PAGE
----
Nanoemulsions are utilized within the food, pharmaceutical, and personal care industries because of their unique physicochemical properties and functional attributes: high optical clarity; prolonged stability; and, enhanced bioavailability. For many applications, it is desirable to utilize natural ingredients to formulate nanoemulsions so as to create “label-friendly” products. In this study, we compared the effectiveness of a number of natural emulsifiers at fabricating corn oil-in-water nanoemulsions using dual-channel microfluidization. These emulsifiers were either amphiphilic biopolymers (whey protein and gum arabic) or biosurfactants (quillaja saponin and soy lecithin). Differences in the surface activities of these emulsifiers were characterized using interfacial tension measurements. The influence of emulsifier type, concentration, and homogenization pressure on the efficiency of nanoemulsion formation was examined. The long-term stability of the fabricated nanoemulsions was also monitored during storage at ambient temperature. For all of the natural emulsifiers, nanoemulsions could be produced by dual-channel microfluidization, with the mean particle diameter decreasing with increasing emulsifier concentration and homogenization pressure. Whey protein isolate and quillaja saponin were more effective at forming nanoemulsions containing fine droplets than gum arabic and soy lecithin, with a lower amount of emulsifier required and smaller droplets being produced. This effect was attributed to faster emulsifier adsorption and a greater reduction in interfacial tension leading to more efficient droplet disruption within the homogenizer for saponins and whey proteins. This study highlights the potential of dual-channel microfluidization for efficiently producing label-friendly nanoemulsions from natural emulsifiers.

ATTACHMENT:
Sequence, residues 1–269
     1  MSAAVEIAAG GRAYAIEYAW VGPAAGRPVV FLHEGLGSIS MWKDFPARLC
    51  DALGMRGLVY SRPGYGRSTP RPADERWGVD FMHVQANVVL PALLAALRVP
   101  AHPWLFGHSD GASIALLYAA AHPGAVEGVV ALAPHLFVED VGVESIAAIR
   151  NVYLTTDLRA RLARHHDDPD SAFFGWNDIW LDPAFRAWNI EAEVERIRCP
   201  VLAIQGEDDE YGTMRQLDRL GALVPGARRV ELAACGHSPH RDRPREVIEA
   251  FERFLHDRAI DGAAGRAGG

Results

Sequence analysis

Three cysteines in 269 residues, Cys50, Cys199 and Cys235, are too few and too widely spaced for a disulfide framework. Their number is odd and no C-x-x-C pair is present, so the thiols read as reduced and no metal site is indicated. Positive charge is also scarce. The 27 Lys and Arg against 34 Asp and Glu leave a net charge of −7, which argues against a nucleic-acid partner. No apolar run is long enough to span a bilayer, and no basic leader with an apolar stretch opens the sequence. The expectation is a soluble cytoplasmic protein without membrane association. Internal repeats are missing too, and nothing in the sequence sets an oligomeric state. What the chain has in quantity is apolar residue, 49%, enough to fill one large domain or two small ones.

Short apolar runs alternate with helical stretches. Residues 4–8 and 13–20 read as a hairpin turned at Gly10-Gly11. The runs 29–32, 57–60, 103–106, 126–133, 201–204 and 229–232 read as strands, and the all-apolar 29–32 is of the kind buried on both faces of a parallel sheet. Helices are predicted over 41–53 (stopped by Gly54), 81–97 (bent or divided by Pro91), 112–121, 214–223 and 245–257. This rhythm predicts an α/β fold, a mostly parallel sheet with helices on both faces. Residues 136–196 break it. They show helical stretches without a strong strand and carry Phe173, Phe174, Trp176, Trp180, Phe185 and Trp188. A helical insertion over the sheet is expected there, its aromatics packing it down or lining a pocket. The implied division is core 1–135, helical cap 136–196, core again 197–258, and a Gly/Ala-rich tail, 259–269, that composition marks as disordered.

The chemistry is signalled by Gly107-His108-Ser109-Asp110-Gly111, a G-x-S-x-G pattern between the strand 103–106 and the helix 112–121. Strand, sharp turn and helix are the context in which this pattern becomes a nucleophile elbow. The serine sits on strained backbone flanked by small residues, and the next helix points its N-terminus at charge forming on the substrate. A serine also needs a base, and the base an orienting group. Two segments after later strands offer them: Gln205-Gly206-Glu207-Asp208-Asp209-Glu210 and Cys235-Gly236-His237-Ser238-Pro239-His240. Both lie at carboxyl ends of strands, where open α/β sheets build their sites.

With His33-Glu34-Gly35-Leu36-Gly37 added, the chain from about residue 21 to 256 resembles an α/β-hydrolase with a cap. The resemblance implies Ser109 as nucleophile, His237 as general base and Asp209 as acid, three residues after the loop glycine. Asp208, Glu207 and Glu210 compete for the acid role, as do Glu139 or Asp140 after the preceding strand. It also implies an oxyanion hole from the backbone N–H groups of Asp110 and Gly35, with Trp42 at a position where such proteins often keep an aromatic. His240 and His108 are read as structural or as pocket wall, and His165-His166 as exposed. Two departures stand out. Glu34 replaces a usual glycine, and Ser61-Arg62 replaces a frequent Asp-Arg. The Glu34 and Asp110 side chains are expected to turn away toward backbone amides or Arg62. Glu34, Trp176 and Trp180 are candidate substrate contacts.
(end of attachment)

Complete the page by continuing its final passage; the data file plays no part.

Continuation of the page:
Bai, L., Huan, S., Gu, J., & McClements, D. J. (2016). Fabrication of oil-in-water nanoemulsions by dual-channel microfluidization using natural emulsifiers: Saponins, phospholipids, proteins, and polysaccharides. Food Hydrocolloids, 61, 703–711. https://doi.org/10.1016/j.foodhyd.2016.06.035